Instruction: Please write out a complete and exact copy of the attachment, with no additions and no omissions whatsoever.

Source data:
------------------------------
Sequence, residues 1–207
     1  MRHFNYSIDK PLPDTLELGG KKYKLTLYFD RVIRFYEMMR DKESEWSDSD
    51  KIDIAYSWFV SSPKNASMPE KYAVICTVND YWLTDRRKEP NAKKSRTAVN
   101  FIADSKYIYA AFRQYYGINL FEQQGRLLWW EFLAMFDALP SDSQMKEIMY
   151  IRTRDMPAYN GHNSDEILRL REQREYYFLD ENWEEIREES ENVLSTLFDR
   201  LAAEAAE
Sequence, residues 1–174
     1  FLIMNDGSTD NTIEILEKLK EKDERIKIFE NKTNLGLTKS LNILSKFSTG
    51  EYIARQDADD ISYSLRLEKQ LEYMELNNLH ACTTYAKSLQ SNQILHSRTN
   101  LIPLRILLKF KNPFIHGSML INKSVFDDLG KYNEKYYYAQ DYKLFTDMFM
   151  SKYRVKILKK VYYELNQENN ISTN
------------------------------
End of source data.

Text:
Sequence, residues 1–207
     1  MRHFNYSIDK PLPDTLELGG KKYKLTLYFD RVIRFYEMMR DKESEWSDSD
    51  KIDIAYSWFV SSPKNASMPE KYAVICTVND YWLTDRRKEP NAKKSRTAVN
   101  FIADSKYIYA AFRQYYGINL FEQQGRLLWW EFLAMFDALP SDSQMKEIMY
   151  IRTRDMPAYN GHNSDEILRL REQREYYFLD ENWEEIREES ENVLSTLFDR
   201  LAAEAAE
Sequence, residues 1–174
     1  FLIMNDGSTD NTIEILEKLK EKDERIKIFE NKTNLGLTKS LNILSKFSTG
    51  EYIARQDADD ISYSLRLEKQ LEYMELNNLH ACTTYAKSLQ SNQILHSRTN
   101  LIPLRILLKF KNPFIHGSML INKSVFDDLG KYNEKYYYAQ DYKLFTDMFM
   151  SKYRVKILKK VYYELNQENN ISTN